On a website of our local sports competition I am planning to have a section, where you can compare the players scores. (Everyone attended the same 10 disciplines.)

The interface should be really simple: There will be a row with players photos, and you can just grab someone and drag him to the comparison area, and than drag second one (and another one you care about .. ) and they will be compared - which means the site will display theirs scores in a simple table and will highlight the best score for every discipline.

Preview of comparison tool.

The problem is, that I would like to add functionality for comparison from various years of competition. For example if I wanted to compare my score from this year and my friends score from year 2012.

What are several ways to accomplish that?

I don't want more rows of photos, like one row for one year. I would like to keep the drag and drop system but I can't think out how to integrate the various years comparison in so when the user enters this section he would just get what to do and won't miss any feature.

5 Answers 5


When you show the two larger circles with the players being compared, you could simply have some sort of selector below each one with the year. That way you're only bothering with the year for the selected players and it doesn't complicate your interface too much.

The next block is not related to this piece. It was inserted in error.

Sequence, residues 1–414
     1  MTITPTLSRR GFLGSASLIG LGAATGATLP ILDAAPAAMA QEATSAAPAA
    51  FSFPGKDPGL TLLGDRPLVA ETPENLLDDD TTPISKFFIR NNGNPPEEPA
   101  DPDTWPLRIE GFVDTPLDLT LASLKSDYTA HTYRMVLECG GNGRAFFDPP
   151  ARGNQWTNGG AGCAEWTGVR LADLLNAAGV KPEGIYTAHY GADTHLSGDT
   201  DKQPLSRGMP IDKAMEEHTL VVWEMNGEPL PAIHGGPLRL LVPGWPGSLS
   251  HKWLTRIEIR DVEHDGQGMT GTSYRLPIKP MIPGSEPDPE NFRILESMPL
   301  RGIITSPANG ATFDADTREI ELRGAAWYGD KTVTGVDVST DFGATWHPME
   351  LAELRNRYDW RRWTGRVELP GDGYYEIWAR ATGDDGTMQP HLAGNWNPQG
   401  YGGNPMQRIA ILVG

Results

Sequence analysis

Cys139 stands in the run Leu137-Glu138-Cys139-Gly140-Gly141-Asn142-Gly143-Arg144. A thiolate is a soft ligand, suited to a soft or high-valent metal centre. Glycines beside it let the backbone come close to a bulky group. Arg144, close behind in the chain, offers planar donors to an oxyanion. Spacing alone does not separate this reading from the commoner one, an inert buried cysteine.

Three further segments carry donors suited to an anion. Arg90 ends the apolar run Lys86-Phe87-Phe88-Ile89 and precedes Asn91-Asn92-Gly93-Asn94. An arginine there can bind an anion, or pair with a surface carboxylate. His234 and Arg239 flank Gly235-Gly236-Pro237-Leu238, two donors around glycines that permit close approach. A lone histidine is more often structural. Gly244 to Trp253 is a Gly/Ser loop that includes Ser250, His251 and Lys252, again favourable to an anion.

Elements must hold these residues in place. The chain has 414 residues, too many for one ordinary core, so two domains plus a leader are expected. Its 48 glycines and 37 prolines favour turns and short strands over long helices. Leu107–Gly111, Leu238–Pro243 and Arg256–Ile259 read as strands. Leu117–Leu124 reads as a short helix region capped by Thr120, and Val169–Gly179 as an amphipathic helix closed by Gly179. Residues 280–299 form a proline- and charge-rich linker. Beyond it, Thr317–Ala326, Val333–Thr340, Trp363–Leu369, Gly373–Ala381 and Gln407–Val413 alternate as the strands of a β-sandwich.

enter image description here

There are many options for the year / season selectors:

  • dropdowns
  • a simple list of numbers with the active one highlighted
  • sliders

Which one you choose depends on many factors, and is really outside the scope of the question.


Once you drop a photo into the comparison area, a vertical scroll bar appears to its right, with the control all the way at the top, and the control labeled with the most recent year. The comparison, correspondingly, defaults to using the current years' stats from that player for comparison. As the user drags the control down, the label and the stats for comparison change to reflect previous years.

enter image description here

I think this would be pretty intuitive, since a scroll bar with the control at the top is asking to be dragged down, the label makes it pretty clear what will happen when you drag it down, and the instant change in the label and the stats confirms that assumption immediately.

In addition, if you make this work like a Windows scrollbar, such that the size of the slider is inversely proportional to the number of years' data available for that player, then it provides an intuitive clue about how many other years there are to choose from.

  • Provides a clue, yes. But this is not a brightness setting or a position on a webpage where 1 pixel doesn't play a role. Here it's the other way around: You want to arrive at the single correct position, which is impossible on sliders. As well, IMHO, it's not what people expect sliders to do. The standard counter field would be more suitable IMHO.
    – yo'
    Jan 29, 2015 at 0:47

Modifying @JohnGB's answer I added the year selection on top the comparison.